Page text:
Dear Dr. Don,
What is the meaning of these three rates that you list for money market accounts?
- Annual percentage yield.
- Intro rate.
- Post-intro rate.
I thought I understood the first one. As for the other two, they're not familiar to me. This is something I need to know before I open an account.
Thanks for explaining!
-- Anton Accrues
The annual percentage yield, or APY, takes the nominal yield of the money market account and considers the impact compounding has on the realized yield. Most CDs compound interest daily. The nominal, or stated, yield is the yield used to calculate this daily interest payment. An investment that pays a 2 percent nominal yield, compounded daily, has an APY of 2.02. Financial institutions under the Truth in Savings Act, or TISA, are required to provide the APY when advertising the yield on deposit accounts so investors can more easily compare rates across banks.
Sometimes a financial institution will post a teaser rate to attract business. As the name implies, the introductory rate won't last forever. When it ends, the account will earn the post-introductory rate.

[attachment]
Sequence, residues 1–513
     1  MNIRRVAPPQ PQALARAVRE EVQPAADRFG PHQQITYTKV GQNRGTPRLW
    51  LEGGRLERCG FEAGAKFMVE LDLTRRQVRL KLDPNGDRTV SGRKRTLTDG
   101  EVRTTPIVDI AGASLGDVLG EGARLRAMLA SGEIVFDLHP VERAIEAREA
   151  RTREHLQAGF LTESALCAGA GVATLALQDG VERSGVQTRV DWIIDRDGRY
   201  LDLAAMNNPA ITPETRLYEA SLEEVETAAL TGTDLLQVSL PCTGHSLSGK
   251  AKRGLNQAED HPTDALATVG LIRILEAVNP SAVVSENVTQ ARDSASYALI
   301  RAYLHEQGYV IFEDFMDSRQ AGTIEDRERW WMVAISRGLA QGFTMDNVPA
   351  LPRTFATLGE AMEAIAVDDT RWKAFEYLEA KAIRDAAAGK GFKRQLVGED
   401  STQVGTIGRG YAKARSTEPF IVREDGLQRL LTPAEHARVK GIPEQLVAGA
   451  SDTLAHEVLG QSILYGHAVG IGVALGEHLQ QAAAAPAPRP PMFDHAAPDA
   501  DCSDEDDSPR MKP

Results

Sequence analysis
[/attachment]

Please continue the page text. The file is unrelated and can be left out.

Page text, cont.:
I took a look at Bankrate's list of high-yield money market accounts and savings accounts. One of them is offering an intro rate of 1.4 percent for six months for first-time depositors of up to $50,000 in this account. The interest rate paid after the introductory period is 0.61 percent. The annual percentage yield on that account is 1.01 percent. That yield reflects six months' interest paid at 1.4 percent and six months' interest paid at 0.61 percent.
The 0.61 percent yield isn't guaranteed by the bank, since the post-introductory rate yield is actually a variable rate and will change with market conditions, but the bank guarantees that the yield will be in the top 5 percent of competitive accounts nationally as defined by the bank.
Some savers won't stick around after the introductory period if they can find a higher yield offered elsewhere. The bank hopes most account holders won't leave as the cost for the deposit goes down to the post-introductory rate.
Maybe your confusion relates to an inconsistency in how introductory rates are marketed. Some firms list the APY as the introductory rate with zero introductory months. Others list the introductory rate as zero percent and the introductory months as zero. The result in this case is about the same: no special introductory rate.